All eyes are on aducanumab, which could become the first disease-modifying therapy (DMT) for Alzheimer’s disease (AD), a landmark achievement following decades of failure in this perennially underserved market.
The most critical need for patients has been a safe, effective DMT that slows cognitive decline. Tools that enable earliest possible diagnosis are also critical.
Aducanumab is the first putative DMT to demonstrate a clinical effect in early AD patients in a Phase III study and the first to undergo regulatory review.
Results from the terminated ENGAGE/EMERGE and completed PRIME trials indicate that aducanumab is biologically active and suggest the potential for efficacy with sufficient exposure to the 10 mg/kg dose.
If approved, it would mark a major clinical, commercial and regulatory milestone.
However, the overall data package is complex and contentious given the limitations associated with the data and its analysis.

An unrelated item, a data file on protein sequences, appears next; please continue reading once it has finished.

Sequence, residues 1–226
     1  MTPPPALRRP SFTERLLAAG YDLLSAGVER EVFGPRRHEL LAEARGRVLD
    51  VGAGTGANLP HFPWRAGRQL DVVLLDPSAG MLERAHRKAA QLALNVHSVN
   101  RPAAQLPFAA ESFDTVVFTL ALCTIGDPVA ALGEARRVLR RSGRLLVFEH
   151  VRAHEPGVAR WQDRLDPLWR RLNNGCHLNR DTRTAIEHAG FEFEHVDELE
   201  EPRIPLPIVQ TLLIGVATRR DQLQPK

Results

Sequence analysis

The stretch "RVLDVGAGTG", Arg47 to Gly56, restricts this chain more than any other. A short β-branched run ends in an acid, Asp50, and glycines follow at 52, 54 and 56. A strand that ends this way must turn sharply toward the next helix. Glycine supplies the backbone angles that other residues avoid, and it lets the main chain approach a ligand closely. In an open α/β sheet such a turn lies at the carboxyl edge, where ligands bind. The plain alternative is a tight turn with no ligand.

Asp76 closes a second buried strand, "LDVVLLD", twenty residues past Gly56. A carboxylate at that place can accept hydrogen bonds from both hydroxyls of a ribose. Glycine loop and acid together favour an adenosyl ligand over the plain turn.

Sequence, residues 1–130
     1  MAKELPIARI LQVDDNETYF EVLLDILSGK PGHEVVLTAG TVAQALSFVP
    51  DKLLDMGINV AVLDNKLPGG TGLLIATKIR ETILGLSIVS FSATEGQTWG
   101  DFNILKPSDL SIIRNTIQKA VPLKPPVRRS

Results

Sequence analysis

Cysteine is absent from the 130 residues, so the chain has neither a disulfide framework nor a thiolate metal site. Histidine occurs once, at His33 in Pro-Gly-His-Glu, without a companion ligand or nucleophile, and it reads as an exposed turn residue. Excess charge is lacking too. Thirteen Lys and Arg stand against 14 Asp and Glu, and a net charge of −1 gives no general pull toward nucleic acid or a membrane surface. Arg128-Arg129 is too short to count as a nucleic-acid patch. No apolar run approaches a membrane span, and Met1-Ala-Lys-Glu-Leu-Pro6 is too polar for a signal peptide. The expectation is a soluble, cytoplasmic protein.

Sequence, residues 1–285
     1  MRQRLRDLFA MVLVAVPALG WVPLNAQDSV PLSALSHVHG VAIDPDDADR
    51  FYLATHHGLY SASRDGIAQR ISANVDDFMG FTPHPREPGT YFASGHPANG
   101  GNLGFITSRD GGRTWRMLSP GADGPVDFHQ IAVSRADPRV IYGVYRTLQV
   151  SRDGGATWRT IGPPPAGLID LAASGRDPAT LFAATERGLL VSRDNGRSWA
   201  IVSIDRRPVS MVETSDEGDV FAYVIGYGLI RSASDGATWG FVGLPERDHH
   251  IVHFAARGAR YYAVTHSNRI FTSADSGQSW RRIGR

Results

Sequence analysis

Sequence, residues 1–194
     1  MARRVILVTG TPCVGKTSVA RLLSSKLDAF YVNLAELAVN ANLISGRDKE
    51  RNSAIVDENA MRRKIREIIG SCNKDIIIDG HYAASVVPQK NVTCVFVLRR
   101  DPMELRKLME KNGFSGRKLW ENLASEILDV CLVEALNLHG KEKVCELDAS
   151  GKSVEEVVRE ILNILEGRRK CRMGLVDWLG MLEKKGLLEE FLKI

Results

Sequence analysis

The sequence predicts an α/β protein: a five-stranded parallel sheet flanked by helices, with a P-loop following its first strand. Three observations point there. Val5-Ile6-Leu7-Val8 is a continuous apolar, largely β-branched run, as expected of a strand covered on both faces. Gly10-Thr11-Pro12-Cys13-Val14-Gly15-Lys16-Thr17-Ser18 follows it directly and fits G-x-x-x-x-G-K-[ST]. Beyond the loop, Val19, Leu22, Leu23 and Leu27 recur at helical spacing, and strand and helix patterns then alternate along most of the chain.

Aducanumab could unlock a monumental opportunity to radically change AD patient care and transform the market. If approved, demand for treatment will be enormous, potentially even decreasing willingness to forgo this treatment for an investigational drug in future clinical trials.
It could have a similar effect on companies’ decisions about which drugs to develop, bypassing other sorely needed MOAs to develop next-gen anti-amyloid drugs.
Nevertheless, many questions remain about the drug’s prospects, including, first and foremost, the probability of approval given the questions about its true efficacy, followed by future competition from other DMTs and overall health system preparedness—availability, cost and reimbursement of the drug and requisite diagnostic testing; patient/physician awareness to drive early presentation, specialist referral and diagnosis; and infusion infrastructure.
“I have to say that the data are convincing…there is clear clinical effect. I don’t think it’s a false positive. …aducanumab is, biomarker-wise, the strongest thing possible… from the point of MOA, biomarkers and the effect on the brain amyloid and tau… for how long would you treat patients and what their dosage would be to achieve the clinical effects? If you look closely, the limited data they have sort of parallels the observations they made during Phase I.”